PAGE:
As of July 1, the suspension of Argentinian fresh lemon exports to Europe came into force following several detections of black spot in some shipments upon arrival at European ports.
“In the last two weeks, the number of black spot detections has skyrocketed, so we believe that this has been a correct and necessary measure. As a sector, we have to find where the problem is in order to solve it. We are concerned about what has taken place this campaign, but we are even more concerned about what is to come. That is why I think Argentina should soon review the lemon export protocol for Europe. It is clear that this situation will bring changes and adjustments for future campaigns,” says Francisco Rotella, commercial director of the Argentinian lemon producer and marketer Citrusvil.
Current market trends of higher income group consumers include a desire for information related to the products they buy, such as its origin, safety, and social responsibility of the producer. Organically grown fruits seem to be favoured over conventionally produced fruit. Organic production requirements affect all practices related to fruit production including type of fertilisers used, pest and disease control as well as post-harvest chemicals used.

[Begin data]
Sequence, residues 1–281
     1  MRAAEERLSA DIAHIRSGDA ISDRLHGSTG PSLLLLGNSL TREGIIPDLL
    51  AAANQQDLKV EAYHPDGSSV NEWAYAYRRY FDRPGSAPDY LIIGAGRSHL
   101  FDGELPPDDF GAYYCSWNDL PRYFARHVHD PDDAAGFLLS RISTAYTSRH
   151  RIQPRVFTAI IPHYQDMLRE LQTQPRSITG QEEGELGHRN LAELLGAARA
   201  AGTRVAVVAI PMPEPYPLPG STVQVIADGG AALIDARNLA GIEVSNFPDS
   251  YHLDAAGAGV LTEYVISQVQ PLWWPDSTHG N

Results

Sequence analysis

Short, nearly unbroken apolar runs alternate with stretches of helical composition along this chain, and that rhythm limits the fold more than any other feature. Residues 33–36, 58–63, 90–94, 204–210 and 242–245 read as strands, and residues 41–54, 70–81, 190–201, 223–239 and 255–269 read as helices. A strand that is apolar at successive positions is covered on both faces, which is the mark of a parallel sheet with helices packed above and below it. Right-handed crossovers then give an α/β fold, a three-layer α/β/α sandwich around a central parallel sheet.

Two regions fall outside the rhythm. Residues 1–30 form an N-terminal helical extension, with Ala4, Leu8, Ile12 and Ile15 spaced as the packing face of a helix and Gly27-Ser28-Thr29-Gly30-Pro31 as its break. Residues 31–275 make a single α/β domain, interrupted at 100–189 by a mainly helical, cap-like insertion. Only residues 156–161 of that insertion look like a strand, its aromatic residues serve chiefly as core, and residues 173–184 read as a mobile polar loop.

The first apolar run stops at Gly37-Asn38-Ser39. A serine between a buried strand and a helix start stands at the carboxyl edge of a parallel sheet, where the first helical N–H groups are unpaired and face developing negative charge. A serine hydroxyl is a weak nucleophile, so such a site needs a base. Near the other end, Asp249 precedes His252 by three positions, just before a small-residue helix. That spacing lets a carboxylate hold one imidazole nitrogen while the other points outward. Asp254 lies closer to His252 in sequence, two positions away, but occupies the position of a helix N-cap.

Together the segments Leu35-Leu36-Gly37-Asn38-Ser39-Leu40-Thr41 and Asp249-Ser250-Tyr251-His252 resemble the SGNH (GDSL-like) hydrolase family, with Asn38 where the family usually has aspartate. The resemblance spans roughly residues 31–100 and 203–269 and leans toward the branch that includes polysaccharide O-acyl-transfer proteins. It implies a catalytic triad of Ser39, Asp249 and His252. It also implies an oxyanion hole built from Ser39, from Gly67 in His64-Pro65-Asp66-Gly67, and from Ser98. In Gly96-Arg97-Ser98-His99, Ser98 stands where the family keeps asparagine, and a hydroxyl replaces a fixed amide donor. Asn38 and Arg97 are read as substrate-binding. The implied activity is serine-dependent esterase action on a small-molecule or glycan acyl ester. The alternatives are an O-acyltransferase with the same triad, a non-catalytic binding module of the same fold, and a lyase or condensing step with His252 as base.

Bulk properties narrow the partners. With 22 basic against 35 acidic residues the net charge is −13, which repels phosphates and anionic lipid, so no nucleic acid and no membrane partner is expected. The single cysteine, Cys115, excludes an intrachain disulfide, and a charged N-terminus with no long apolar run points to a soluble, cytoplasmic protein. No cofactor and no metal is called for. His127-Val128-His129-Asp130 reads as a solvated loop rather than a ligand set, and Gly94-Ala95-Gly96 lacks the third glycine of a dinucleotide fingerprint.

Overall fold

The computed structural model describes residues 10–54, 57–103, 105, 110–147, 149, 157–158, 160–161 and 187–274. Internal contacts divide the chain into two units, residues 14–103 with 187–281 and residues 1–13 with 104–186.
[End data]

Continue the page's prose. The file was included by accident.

Liquid organic fertilizers for sustainable agriculture: Nutrient uptake of organic versus mineral fertilizers in citrus trees.
The main objective of this study was to compare the performance of two liquid organic fertilizers, an animal and a plant-based fertilizer, with mineral fertilization on citrus trees. The source of the fertilizer (mineral or organic) had significant effect in the nutritional status of the organic and conventionally managed mandarins. Nutrient uptake, vegetative growth, carbohydrate synthesis and soil characteristics were analyzed. Results showed that plants fertilized with animal based liquid fertilizers exhibited higher total biomass with a more profuse development of new developing organs (leaves and fibrous roots).
Citrus trees infected with Huanglongbing (HLB) bacteria become weak and develop dieback, resulting in lost production. These trees eventually decline to a production level that is not economical to maintain in a citrus operation. Sixteen-year-old ‘Valencia’ (Citrus sinensis Macf.) orange trees on Swingle citrumelo rootstock [C. paradisi × Poncirus trifoliata (L.) Raf.], 100% infected with HLB, in decline and losing production, were severely pruned (buckhorned) to stimulate regrowth and the new flush treated with foliar nutritional sprays. Nutritional sprays included the “Boyd cocktail” and two other nutrient treatments that contained phosphites plus nickel and cobalt. Heavily pruned trees and unpruned standard control trees were compared for shoot growth and canopy development.
Citrus is the main fruit tree crop in the world and therefore has a tremendous economical, social and cultural impact in our society. In recent years, our knowledge on plant reproductive biology has increased considerably mostly because of the work developed in model plants. However, the information generated in these species cannot always be applied to citrus, predominantly because citrus is a perennial tree crop that exhibits a very peculiar and unusual reproductive biology.